Letter Writing Day 2016

The art of the handwritten note is something that we have cherished here at Dempsey & Carroll since our founding in 1878. In celebration of December 7th being declared “Letter Writing Day”, we wanted to share our thoughts on what inspires us to write letters.

Megan: “To send a letter is a good way to go somewhere without moving anything but your heart.”  – Phyllis Theroux width=

Carolyn: I love seeing other people’s handwriting! It’s your very own style–no one else can write the same way–To me, that’s one of the coolest things ever!

Austin: Perhaps my favorite thing about receiving a handwritten note comes years later when looking through a shoe box filled with them and having a special moment come back alive.

Ariel: I have always cherished the art of the handwritten note as it serves as a means to make sentiments tangible. Every letter I receive serves as a keepsake that I will forever appreciate.

Emma: There’s a wonderful quote by Haruki Murakami that speaks to my love of the handwritten note: “How wonderful it is to be able to write someone a letter! To feel like conveying your thoughts to a person, to sit at your desk and pick up a pen,
to put your thoughts into words like this is truly marvelous.”

Umara: For my contribution, I join Megan in citing the wise words of Phyllis Theroux: “To send a letter is a good way to go somewhere without moving anything but your heart.” In a day and age where technology has taken over and everything is done instantly, the art of taking the time to write a letter is something that really does require deep thought and care from one’s heart.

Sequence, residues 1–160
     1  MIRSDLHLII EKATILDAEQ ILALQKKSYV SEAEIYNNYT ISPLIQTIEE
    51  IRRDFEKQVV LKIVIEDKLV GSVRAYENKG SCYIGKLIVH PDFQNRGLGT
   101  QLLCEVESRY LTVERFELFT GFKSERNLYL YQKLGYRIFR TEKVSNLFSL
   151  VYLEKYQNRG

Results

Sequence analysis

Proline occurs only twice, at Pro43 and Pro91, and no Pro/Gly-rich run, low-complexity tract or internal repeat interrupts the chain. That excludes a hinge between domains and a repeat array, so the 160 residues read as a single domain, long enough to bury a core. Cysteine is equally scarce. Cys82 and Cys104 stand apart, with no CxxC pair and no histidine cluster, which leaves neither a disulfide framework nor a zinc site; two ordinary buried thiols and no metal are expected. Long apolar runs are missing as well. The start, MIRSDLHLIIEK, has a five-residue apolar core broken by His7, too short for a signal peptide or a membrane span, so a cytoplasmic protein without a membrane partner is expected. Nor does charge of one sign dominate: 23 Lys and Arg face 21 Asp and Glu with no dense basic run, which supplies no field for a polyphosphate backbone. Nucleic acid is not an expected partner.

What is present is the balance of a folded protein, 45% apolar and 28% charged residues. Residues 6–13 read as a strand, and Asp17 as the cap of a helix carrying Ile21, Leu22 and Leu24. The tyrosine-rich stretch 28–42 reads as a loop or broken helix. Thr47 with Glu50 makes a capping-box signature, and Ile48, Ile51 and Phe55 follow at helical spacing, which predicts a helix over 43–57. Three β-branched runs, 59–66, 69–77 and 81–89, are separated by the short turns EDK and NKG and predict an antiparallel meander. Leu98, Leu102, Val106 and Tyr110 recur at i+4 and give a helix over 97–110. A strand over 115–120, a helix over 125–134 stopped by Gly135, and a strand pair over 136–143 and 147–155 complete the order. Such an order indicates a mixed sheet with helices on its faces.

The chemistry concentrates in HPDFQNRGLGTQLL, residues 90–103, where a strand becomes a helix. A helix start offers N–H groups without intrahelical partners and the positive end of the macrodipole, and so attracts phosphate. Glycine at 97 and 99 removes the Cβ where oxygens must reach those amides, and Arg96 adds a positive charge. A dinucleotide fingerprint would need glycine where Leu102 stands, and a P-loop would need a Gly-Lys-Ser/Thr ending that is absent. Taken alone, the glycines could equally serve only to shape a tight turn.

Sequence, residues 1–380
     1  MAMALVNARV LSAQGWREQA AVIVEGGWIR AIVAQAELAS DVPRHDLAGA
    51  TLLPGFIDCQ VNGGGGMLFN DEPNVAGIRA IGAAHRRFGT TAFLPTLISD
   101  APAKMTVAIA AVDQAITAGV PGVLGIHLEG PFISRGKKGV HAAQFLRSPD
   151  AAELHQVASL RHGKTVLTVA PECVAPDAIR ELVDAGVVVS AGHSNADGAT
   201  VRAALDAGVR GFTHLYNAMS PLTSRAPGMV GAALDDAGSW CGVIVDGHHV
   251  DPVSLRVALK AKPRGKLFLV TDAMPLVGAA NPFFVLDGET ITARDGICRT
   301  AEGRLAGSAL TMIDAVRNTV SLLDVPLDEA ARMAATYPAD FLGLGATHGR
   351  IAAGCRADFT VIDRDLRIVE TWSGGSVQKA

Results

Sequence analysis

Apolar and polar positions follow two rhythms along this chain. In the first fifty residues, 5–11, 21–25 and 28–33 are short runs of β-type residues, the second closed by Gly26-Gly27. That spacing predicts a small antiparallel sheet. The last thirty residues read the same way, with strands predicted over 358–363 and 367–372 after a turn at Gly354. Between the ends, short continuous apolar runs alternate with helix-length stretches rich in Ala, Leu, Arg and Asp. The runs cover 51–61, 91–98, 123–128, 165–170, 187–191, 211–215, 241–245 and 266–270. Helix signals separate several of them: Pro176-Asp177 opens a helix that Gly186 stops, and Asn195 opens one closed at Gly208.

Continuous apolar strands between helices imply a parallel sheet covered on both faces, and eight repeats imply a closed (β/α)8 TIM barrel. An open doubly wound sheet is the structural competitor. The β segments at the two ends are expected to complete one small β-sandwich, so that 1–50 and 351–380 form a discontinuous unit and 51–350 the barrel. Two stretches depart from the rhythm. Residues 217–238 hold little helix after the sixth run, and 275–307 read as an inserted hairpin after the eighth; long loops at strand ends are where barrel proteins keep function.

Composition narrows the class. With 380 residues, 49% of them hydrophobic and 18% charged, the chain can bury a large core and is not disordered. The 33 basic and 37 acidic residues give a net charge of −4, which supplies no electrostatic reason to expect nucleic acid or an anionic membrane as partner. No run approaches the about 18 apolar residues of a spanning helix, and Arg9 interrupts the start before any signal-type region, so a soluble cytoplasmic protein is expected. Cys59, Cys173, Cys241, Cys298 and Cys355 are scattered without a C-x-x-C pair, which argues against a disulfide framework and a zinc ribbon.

Marina: Hand writing letters brings back some of the fondest memories of my childhood. I loved sitting at the dining room table with my mother, eating snacks while she wrote letters to our friends and family overseas while we discussed what to write.

Chandra: With all of the alternative forms of communication that exist today, it’s easy to think that letter writing may eventually become a lost art. On account of that, I’ve found the significance of written correspondence has increased, becoming that much more unique, genuine, beautiful and appreciated.

Leo: My father and I spent an afternoon in the store selecting these note cards for him. It was great fun not least because they suit him perfectly and were hardly a first choice. Notes from him on these cards will always remind me how much I admire him.leo

We now invite you to reflect upon your favorite things about handwritten notes. Please feel free to share your own anecdotes with us on social media and be sure to tag our accounts!

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An Excerpt from “Diamonds from Brilliant Minds”

An Excerpt from “Diamonds from Brilliant Minds,” published by Messers. Dempsey & Carroll in 1881.

In Twos

Somewhere in the world there hide,

Garden-gates that no one sees

Save they come in happy twos-

Not in ones, nor yet in threes.-W.C.GannettIMG_1539IMG_1545

IMG_1540